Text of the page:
I may be alone on this, but I think the lack of customer service reflects our culture on the whole: We say we want to be treated like a valued customer, but, at the end of the day, we really don’t want to pay extra for that treatment. As such, every time we forgo potentially better customer service in an effort to save money on cost, we send businesses the message that customer service doesn’t pay.
This cultural tendency is also reflected by the get-rich-quick approach of the modern-day stock market. With such an emphasis on immediate and ongoing profitability, companies have little choice but to cut back on customer service in order to prop up quarterly earnings for shareholders. It’s the proverbial hamster on the wheel, and it can’t be sustainable over the long haul without something having to give.
Great insight, Art. I’d love to know what some of these organizations promise in their marketing messages. I guarantee there’s a huge gap.
A very rude awakening! And I’ve found out the hard way that I am not the inept one :).
I think the financial service industry is rapidly closing in on the airline industry (and perhaps NJ Transit, as Steve often notes) as providing some of the worst customer service. I was just reading an article about folks with no mortgage who are being foreclosed on and having their credit ruined by unfeeling lending institutions. I think it’s because lending institutions don’t view their clients as clients–they see them as financially inept shmucks who owe them money (and who they have by the short hairs) and treat them as such. I found a certain attitude change, too, when my loans came due. When you’re in college its, “Focus on your education–worry about the loans later.” When you’re out of school it’s, “Youse got a job now, so let’s have wit my *&%$@ money.” A very rude awakening for a college grad who has not yet been jaded by the realities of life.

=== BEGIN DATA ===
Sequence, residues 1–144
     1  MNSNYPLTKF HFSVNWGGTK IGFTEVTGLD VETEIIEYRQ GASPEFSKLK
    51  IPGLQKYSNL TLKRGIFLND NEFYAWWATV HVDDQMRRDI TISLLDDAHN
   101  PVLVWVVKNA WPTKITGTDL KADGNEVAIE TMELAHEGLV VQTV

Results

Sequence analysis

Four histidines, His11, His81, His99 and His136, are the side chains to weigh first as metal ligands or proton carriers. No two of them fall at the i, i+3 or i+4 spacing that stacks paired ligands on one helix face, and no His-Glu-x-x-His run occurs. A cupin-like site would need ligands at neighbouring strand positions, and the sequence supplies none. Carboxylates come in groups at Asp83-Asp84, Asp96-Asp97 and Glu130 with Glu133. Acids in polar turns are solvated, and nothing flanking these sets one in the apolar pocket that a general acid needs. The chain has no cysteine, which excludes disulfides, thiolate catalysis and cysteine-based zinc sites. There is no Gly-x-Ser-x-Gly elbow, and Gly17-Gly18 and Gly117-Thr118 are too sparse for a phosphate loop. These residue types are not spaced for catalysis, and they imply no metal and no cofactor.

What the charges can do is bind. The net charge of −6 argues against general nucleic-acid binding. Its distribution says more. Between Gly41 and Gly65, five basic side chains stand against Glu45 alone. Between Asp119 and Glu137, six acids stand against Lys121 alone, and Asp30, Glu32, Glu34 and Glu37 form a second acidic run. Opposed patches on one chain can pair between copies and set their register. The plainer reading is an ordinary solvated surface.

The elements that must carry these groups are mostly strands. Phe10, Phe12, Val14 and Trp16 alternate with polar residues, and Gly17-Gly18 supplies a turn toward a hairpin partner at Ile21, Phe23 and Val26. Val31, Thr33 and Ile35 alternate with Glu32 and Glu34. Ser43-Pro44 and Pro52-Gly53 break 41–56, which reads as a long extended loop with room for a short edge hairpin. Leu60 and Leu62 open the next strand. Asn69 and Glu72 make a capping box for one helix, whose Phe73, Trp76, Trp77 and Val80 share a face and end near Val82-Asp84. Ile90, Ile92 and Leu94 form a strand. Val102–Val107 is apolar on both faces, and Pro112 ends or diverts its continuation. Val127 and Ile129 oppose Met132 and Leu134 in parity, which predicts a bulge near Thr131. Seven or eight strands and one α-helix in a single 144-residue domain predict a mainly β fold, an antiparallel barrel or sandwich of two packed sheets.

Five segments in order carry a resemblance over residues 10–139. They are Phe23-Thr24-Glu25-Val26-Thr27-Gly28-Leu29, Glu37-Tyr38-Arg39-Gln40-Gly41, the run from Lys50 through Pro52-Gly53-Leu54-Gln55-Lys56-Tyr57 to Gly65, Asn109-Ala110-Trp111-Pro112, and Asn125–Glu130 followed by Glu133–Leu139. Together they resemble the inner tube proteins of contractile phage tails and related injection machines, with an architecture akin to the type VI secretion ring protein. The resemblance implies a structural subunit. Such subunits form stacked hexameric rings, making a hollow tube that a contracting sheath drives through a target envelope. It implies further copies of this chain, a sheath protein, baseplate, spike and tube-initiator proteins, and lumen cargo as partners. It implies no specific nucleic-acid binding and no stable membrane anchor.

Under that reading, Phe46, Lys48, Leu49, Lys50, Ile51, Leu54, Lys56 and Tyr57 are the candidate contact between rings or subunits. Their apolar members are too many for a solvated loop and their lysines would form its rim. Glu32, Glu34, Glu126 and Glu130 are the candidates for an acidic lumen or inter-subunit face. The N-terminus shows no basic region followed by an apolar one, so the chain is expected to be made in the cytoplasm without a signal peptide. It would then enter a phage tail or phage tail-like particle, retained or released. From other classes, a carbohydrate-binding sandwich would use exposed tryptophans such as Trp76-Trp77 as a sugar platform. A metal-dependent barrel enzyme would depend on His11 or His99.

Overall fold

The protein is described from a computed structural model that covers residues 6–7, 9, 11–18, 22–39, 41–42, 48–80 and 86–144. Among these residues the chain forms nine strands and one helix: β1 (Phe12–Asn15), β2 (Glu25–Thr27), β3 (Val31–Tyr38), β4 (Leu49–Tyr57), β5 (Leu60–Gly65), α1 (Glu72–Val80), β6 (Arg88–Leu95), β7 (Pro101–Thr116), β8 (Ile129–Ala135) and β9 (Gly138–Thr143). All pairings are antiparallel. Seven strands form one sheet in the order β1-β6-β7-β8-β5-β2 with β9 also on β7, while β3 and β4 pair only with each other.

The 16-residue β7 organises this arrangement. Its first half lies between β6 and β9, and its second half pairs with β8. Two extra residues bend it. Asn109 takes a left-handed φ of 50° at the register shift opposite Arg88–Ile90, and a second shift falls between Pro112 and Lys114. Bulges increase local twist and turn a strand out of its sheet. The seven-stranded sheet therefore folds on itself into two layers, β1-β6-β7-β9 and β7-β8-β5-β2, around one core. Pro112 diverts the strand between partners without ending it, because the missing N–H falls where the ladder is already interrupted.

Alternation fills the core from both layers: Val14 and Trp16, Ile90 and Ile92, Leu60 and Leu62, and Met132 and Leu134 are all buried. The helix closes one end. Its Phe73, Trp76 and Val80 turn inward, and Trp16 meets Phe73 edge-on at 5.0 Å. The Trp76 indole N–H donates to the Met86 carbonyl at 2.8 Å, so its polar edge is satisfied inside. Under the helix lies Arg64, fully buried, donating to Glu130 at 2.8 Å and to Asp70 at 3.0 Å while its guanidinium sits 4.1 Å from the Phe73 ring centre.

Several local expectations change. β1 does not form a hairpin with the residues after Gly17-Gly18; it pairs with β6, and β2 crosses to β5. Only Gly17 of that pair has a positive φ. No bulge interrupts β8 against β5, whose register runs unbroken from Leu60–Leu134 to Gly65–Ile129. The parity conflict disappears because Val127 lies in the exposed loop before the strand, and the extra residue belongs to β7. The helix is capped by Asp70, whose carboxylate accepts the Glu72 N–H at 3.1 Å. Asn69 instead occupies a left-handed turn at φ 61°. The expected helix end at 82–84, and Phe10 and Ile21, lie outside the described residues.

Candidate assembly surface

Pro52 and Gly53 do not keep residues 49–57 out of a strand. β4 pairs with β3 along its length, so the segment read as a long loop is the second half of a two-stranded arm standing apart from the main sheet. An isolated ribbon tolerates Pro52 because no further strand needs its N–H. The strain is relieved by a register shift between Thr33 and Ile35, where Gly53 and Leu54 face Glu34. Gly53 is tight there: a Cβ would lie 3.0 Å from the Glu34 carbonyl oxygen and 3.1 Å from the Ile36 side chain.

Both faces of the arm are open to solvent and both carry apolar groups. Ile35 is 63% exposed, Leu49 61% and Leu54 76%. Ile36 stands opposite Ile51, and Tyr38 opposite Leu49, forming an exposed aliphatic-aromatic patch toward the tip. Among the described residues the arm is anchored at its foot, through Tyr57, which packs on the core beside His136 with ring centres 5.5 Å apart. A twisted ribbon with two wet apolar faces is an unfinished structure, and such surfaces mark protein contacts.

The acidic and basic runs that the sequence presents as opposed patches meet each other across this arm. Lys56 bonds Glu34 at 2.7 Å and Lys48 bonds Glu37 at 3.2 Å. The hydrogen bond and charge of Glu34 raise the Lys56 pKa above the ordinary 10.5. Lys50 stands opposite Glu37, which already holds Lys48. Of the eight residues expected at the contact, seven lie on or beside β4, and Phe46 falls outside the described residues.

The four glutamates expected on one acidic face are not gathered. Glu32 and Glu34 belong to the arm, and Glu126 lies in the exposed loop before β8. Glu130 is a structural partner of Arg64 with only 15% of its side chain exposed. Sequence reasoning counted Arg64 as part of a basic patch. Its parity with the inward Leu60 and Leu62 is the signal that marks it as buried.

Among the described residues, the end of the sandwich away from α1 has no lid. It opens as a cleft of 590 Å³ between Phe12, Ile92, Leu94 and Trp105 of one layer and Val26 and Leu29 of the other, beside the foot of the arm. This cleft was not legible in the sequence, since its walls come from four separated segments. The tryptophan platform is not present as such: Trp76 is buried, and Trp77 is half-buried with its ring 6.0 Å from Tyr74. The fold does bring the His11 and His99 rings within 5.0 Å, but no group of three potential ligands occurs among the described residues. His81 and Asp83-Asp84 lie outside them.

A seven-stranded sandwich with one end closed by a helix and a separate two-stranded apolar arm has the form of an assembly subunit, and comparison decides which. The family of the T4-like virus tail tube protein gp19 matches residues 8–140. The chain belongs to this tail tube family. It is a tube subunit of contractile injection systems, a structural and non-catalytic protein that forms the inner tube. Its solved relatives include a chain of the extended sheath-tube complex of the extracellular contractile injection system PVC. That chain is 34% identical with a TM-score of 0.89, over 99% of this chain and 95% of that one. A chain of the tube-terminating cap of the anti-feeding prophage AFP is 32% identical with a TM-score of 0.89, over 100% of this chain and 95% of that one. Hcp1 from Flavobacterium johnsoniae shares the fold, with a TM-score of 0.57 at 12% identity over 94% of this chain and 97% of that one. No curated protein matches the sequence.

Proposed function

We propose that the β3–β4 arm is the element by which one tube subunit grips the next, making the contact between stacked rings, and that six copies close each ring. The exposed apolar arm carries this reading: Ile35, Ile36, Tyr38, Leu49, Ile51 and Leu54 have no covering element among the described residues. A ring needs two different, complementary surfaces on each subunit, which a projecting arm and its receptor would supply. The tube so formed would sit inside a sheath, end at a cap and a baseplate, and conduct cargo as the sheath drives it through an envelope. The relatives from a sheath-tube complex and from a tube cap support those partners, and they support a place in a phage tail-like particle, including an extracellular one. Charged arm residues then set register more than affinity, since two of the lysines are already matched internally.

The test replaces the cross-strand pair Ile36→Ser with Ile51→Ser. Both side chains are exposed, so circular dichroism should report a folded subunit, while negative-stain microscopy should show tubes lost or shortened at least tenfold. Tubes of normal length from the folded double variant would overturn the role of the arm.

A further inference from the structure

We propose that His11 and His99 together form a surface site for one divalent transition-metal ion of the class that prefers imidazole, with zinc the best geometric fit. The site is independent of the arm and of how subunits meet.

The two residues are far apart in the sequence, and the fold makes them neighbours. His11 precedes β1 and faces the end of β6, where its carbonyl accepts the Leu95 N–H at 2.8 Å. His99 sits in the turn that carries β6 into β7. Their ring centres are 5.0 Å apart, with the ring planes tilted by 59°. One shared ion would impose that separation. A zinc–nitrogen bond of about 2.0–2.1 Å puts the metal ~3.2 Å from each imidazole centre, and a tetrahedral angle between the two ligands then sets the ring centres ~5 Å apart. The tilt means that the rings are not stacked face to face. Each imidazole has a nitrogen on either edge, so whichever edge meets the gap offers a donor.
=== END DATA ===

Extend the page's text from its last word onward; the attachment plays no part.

The lack of responsibility and sympathy is exactly what makes this situation so frustrating. Direct Loans not only failed to own responsiblity for the issue, but has also demonstrated a complete lack of compassion. Both of which are hallmarks of really outstanding customer service, and noticeably lacking in my experience with them so far.
-Sarah (@ramenprincess on Twitter)
Yet one more example of the deterioration of the service industry. Such a shame that with nearly every American affected in some way by the recession that people are irresponsible and unsympathetic when it comes to others finances.